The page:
Intua is the first to get a full-fledged music creation app on the iTunes App Store, with an MPC-style sampler and step sequencer, plus effects, for the iPhone and iPod Touch. This isn’t just a toy for triggering sounds or a useful utility like a guitar tuner; it’s an actual music app on which you can produce whole songs. As with any mobile app, there are tradeoffs versus a desktop tool – but its simplicity is likely to be part of its appeal. US$19.99.
Most importantly, it’s available now.
The basic features:
- 16-pad sample triggering. Drum kits and other samples, with “auto chop,” pitch, tuning, reverse, mute, and even a nice wave editor for touch-selecting where you want sample start and end points.
- Step and song sequencer: Create patterns with a touchable step sequencer, then arrange them into bigger songs using a multitrack editor.
- Live performance support: Pattern triggering and recording is live, so you could use this as a performance tool.
- 2 effects channels: Synchronized delay, 3-band EQ, bit-crusher capabilities
- Pre-loaded kits and samples
- Sync with desktop audio: Apple doesn’t provide music apps with easy ways of getting files in and out, so Intua has built one: a synchronization tool that lets you load in new audio kits and samples, and export audio back to your machine.
We can certainly see some of the strengths of the platform. The app looks absolutely gorgeous in screen shots; elements are big and friendly and don’t appear to strain the eyes. The touch capability works beautifully for pad triggering and step sequencing – there’s even a nice, draggable velocity and “groove” graph for the step sequencer.
So how does BeatMaker stand up to the competition, at least on paper?
On the upside, you get a fast, friendly, fun interface, and one that has looks befitting Apple’s beautiful gadget. And, notably, this is an official app you can use without hacking your device. But some power users may still opt for gaming devices for more advanced mobile editing and synthesis. BeatMaker lacks any synthesis features, as on tools like PSPSeq or the upcoming Korg DS-10. (Perhaps we will see some in the future, though, since they got effects working – a bassline synth, perhaps?) You also don’t get wireless MIDI control and sequencing, as on the Nintendo DS’ DSMIDIWiFi, so you can’t connect BeatMaker to a computer studio in the way you can with NitroTracker on DS or the touch controllers aka.iphone and i3L on the iPhone/Touch.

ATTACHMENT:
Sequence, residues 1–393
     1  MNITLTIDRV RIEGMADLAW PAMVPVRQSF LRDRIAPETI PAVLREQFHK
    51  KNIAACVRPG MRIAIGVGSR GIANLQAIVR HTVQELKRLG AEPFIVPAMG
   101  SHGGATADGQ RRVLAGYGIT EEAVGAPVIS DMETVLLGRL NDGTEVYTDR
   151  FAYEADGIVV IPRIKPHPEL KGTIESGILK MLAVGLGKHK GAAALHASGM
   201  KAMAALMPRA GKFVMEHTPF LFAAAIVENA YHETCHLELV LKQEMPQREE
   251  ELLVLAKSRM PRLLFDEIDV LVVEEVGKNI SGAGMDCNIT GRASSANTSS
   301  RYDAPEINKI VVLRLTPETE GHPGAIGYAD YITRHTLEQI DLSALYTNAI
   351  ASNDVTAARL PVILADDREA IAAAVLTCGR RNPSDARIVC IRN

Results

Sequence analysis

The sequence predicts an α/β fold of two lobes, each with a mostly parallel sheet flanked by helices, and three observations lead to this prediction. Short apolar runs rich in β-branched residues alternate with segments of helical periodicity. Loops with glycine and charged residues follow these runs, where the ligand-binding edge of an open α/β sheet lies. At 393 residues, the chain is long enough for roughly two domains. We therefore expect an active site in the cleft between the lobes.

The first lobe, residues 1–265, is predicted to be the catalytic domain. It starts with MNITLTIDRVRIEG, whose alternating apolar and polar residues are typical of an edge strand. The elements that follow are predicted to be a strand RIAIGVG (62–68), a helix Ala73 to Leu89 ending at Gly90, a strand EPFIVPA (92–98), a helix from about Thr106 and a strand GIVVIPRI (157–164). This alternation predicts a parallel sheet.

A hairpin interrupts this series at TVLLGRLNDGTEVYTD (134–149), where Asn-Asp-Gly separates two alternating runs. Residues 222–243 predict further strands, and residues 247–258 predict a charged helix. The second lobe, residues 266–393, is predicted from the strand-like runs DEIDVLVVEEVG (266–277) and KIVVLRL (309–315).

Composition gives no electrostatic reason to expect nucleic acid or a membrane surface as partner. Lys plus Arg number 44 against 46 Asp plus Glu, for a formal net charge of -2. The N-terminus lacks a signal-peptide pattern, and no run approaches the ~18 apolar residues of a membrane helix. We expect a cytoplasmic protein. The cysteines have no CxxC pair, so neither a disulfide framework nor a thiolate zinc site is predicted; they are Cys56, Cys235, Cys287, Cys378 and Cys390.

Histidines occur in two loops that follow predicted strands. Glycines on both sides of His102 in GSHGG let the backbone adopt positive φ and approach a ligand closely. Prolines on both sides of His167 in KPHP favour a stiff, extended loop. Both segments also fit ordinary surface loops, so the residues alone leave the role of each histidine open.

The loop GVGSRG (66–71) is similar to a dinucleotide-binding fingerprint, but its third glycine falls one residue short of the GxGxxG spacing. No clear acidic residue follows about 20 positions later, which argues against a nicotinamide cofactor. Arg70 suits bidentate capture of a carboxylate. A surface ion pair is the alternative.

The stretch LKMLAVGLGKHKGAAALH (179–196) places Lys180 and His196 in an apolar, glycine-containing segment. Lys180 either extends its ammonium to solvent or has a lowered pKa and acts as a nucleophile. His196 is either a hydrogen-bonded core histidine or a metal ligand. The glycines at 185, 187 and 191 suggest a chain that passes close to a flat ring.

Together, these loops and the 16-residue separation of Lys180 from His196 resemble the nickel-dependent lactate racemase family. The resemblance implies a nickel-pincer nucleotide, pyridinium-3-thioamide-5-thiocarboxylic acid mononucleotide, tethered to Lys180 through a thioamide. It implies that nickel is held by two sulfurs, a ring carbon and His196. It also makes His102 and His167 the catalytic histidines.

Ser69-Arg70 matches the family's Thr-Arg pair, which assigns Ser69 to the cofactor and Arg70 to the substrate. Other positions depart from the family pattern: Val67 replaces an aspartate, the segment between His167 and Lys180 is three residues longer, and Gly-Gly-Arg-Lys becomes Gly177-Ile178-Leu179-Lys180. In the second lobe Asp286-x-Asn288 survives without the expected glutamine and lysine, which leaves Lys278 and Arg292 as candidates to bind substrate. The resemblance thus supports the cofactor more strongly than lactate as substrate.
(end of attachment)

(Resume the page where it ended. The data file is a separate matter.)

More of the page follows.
BeatMaker’s real nearest rival may be PSP Rhythm on the PSP. I’ll be interested to hear whether BeatMaker’s audio engine stands up to PSP Rhythm’s on quality. BeatMaker has its lovely interface and touch capabilities, but PSP Rhythm has a synth (bassline and a general purpose wave synth) and a hardware-style interface some may prefer.
These aren’t criticisms – on the contrary, I think differentiation is a good thing. I’ve been having a number of conversations with developers, and part of what I’m hearing is that certain platform features continue to direct developers to different mobile platforms. Not everyone is migrating to Apple – meaning Intua has a chance to stake out a real niche here.
BeatMaker is the serious music creation app the platform has been waiting for, and it app gives you way more power for your dollar than a lot of what I’ve seen on the iPhone. It’s real, worthy, powerful app. If you’ve got an iPod Touch or iPhone and would like to test drive the app for CDM and write up a review / video a review, let me know!
(Thanks to everyone who sent this in! That’s always a good indication there’s excitement in the digital musician community around the device and this specific app.)
Mathieu has some more details: MIDI export is coming very soon. (Mic recording could be possible if there’s a better input solution.)
And one site already has a video hands-on (though CDMers, I’m sure you can do even better – we’ll have one or two of you on this soon).